Candidates and political parties are limited in the amounts of contributions they can take. But, according to a Supreme Court ruling, private groups can spend as much as they like to elect or tear down candidates, resulting in the formation of so-called Super Political Action Committees (Super PACS). But not all Super PACS are about electing Democrats or Republicans, liberals or conservatives. The Washington Post tells about one that is dedicated to defeating incumbents of either party:
In two Ohio congressional primaries Tuesday, a Texas-based group spent almost $190,000 supporting a pair of candidates who could not be more different: a tea party conservative and a liberal icon, Rep. Dennis J. Kucinich (D-Ohio).
The group’s enemy is incumbency — of any ideological stripe, anywhere in the country. The Campaign for Primary Accountability, founded by the son of a Houston construction magnate, is targeting longtime incumbents in House districts that are otherwise safe for their party. Group leaders say these long-term lawmakers who face scant competition have created a “permanent political class” that has poisoned politics.
The organization is one of a new class of super PACs able to raise and spend unlimited amounts of money that aims to alter the balance of congressional races, much as similar groups have done in the Republican presidential race. There are Democratic super PACs devoted to holding the party’s majority in the Senate and retaking the House and Republican ones with designs on just the opposite.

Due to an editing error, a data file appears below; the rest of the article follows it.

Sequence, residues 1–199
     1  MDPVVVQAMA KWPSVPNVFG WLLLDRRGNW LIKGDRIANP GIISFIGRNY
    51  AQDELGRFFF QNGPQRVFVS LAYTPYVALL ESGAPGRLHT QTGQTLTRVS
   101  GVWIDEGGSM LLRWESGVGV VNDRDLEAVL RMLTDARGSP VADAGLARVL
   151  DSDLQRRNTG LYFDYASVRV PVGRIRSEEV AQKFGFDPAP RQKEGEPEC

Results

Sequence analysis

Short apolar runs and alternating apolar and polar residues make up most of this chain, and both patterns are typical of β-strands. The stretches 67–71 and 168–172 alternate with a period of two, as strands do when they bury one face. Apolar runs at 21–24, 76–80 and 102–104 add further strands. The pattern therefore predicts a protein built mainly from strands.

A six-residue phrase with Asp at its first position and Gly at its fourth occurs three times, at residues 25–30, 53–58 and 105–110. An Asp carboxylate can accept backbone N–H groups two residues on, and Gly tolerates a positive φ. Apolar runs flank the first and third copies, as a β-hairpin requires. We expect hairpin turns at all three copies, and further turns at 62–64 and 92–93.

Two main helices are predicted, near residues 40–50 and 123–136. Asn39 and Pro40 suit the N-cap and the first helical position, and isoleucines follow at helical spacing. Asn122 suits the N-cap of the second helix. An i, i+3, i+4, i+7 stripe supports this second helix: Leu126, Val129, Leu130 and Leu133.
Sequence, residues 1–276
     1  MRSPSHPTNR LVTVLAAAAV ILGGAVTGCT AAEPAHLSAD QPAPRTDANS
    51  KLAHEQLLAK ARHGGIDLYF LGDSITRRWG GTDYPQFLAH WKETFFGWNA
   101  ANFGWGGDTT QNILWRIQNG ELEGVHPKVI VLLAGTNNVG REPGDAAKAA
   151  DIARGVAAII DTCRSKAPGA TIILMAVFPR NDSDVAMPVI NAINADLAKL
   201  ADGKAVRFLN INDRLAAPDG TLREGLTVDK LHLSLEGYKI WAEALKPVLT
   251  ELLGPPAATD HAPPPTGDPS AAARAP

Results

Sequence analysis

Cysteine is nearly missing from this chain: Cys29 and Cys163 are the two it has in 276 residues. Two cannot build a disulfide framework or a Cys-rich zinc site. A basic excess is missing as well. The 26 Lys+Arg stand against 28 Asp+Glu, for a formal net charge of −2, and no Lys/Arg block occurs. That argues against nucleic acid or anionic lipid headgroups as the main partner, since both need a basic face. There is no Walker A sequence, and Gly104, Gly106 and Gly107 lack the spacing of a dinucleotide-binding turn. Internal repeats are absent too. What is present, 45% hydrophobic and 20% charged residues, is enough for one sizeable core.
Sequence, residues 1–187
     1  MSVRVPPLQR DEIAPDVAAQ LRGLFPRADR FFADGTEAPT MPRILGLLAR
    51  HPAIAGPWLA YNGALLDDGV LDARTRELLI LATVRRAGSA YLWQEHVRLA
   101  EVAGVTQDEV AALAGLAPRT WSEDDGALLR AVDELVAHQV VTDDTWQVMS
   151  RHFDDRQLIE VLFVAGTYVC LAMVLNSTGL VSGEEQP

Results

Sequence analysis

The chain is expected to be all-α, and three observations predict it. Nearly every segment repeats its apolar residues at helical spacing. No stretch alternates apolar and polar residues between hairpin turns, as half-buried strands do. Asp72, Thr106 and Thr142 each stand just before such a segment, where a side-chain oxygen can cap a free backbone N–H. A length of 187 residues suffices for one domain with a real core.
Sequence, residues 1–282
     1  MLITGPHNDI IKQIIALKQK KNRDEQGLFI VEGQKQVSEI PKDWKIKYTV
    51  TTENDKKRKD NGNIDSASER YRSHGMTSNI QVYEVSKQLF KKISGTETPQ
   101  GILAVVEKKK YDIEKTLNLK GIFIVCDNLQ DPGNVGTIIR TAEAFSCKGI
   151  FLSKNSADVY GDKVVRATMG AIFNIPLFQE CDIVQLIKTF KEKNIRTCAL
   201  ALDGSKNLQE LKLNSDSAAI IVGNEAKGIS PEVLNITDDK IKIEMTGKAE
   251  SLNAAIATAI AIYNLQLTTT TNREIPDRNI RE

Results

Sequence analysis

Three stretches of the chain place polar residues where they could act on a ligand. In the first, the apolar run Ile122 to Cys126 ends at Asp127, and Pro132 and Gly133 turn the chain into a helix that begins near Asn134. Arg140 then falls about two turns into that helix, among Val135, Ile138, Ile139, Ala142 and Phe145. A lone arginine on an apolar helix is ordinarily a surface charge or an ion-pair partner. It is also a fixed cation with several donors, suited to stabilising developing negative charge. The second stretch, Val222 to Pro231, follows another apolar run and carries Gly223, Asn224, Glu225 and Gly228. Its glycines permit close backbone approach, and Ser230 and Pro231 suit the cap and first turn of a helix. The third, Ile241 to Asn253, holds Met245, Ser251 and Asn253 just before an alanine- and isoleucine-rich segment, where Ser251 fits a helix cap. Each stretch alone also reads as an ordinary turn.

But no super PAC has sought to tap into the public outrage toward Congress quite the way that the Campaign for Primary Accountability has.
“We’re trying to make the electoral system competitive, so that Congress will become more accountable to the voters,” Leo Linbeck III, the founder of the new super PAC, said in an e-mail interview. “It’s not about policy, it’s about governance. We’re not interested in shifting power between Republicans and Democrats. We’re interested in shifting power between Congress and the people.”
I suspect there may be in existence or in the works a Super PAC to elect women, no matter their party. Or African Americans. Or candidates with physical disabilities.
What would be some other non-partisan Super PACS that someone should form? One to elect Lutherans? Or the left-handed? (I am looking for serious, semi-serious, and humorous suggestions.)